Genetics and biology have shown that we are remarkably homogeneous as a species. We have less diversity as a species than chimpanzees, and we cannot be divided into distinct genetic subgroups. We overlap massively. These boundaries that we think of as different races are actually really, really fuzzy to the point of meaninglessness.

So race doesn’t really exist, biologically speaking?

When scientists say that race is a social construct, what they mean is: where we draw boundaries is really arbitrary. The way I like to explain it is: I have a close genetic relationship to my sisters and my son and my parents. I have a weaker one to my cousins and my grandparents and a weaker one still to my further extended family. When you get up to the level of the state and country and continent, that relationship gets fuzzier and fuzzier. 

So where do you want to draw the lines of race? It may be based on something very superficial like skin colour, but even within groups, skin colour will vary widely. What you define as black or white is completely different depending on where you live and when. It’s only relatively recently that Italians and Greeks were considered white in America.

So the ideas of scientists in the 19th and early 20th century turned out to be wrong. How harshly can we judge them?

I think there’s two things we have to bear in mind. One, even then, there were people within the scientific community saying: "This doesn’t make any sense, this isn’t good science, and morally it’s problematic. We shouldn’t be thinking about people in this way."

The other thing is that when we judge individuals harshly, we forget how mainstream these ideas were. Take where the word eugenics originated from. He was a racist and sexist, but the dangerous and problematic ideas he had were popular among so many people. Take and people who we now see as feminist icons; they were eugenicists.

I think that none of us are immune from thinking this way. If it happened then, why could it not happen now? It’s not just the case that there is a certain type of bad person and all the rest of us are just good people.

Race science moved to the margins

In your book, you show that the ideas and ideologies of racial doctrine never went away completely after the second world war.

That’s right. The people who clung to eugenics and race science got together and formed their own networks. They had their own journals and their own sources of funding from political actors who were, for instance, interested in segregation.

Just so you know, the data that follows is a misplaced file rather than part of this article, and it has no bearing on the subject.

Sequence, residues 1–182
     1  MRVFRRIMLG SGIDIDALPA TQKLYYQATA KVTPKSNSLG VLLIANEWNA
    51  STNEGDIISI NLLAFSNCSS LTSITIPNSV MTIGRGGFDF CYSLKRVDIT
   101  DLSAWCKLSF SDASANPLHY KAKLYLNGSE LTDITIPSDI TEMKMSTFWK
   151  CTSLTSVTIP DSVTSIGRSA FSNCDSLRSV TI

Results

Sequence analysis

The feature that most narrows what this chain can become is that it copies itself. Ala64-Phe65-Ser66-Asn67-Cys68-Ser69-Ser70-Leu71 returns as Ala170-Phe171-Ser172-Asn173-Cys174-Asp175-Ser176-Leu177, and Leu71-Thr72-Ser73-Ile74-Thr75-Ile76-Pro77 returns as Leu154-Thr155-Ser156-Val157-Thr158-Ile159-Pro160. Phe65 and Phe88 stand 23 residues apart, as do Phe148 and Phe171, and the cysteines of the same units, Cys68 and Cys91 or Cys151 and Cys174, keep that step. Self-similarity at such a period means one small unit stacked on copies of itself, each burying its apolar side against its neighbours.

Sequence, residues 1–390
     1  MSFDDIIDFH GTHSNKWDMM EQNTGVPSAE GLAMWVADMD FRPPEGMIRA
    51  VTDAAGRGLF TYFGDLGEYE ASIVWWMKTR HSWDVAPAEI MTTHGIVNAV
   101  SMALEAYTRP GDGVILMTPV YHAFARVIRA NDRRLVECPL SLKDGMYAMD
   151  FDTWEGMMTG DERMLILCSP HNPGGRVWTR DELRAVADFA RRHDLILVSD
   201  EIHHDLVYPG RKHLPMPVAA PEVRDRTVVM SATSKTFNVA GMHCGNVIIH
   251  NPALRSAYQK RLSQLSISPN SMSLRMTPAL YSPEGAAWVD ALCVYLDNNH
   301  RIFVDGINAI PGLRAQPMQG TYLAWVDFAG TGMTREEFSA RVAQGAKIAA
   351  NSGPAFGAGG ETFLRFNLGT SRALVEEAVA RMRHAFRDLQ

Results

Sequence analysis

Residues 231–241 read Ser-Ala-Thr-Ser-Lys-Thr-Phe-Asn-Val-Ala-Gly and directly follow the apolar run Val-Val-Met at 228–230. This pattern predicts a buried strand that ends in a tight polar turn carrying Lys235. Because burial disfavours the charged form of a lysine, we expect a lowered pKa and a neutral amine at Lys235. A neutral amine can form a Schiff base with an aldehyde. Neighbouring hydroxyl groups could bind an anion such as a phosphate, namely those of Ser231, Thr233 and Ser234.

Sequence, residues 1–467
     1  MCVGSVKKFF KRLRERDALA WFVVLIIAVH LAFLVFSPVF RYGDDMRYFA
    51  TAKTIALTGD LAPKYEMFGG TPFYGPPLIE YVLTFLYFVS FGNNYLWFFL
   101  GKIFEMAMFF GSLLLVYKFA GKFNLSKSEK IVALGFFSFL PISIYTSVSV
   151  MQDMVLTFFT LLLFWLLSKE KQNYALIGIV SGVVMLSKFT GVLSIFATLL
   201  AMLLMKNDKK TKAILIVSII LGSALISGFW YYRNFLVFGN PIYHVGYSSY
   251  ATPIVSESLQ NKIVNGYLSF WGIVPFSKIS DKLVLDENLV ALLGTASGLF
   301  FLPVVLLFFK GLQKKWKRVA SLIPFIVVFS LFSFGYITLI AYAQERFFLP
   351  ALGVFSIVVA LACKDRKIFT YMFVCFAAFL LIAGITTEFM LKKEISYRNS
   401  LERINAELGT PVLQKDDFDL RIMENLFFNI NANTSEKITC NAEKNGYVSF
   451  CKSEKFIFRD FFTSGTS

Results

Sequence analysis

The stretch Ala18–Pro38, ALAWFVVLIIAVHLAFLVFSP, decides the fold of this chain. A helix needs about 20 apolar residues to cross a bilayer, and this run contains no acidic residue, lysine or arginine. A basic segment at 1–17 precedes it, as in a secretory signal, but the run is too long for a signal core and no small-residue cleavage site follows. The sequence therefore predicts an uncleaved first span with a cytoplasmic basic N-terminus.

Occasionally, they would bubble up into the mainstream. In the 1960s, there were people like the psychologist Arthur Jensen who believed that black Americans were naturally less intelligent than white Americans. There was William Shockley, the physicist, who thought that black women should be sterilised. There was the publication of in the 1990s, which relied very heavily on the work of the people I’ve just described here. And now we’re seeing it again in mainstream politics to some extent, and certainly in the

What are the interests of the people who finance research studies like these?

The key figure [in race science] was Wickliffe Draper, an American textile multimillionaire. He inherited a lot of money and was also deeply wedded to maintaining segregation in the United States. He sought out intellectuals that could give him ballast for his racist views. You see this throughout history: people wanting to justify their prejudices as not being prejudiced at all, but based on fact.

Wickliffe funded the Mankind Quarterly [in 1961], which became the journal of race scientists, and he funded these individuals to the tune of millions. His fund, The Pioneer Fund, is now empty, but in those 50 years or so, it has done an incredible amount of damage.

Are some topics too dangerous to be studied by science? Like IQ differences related to skin colour?

I personally am all for academic freedom. I don’t have an issue with any kind of research. The reason that kind of research isn’t done is because it sounds ridiculous. It’s like saying: "Should we research IQ differences by height? Or shoe size?"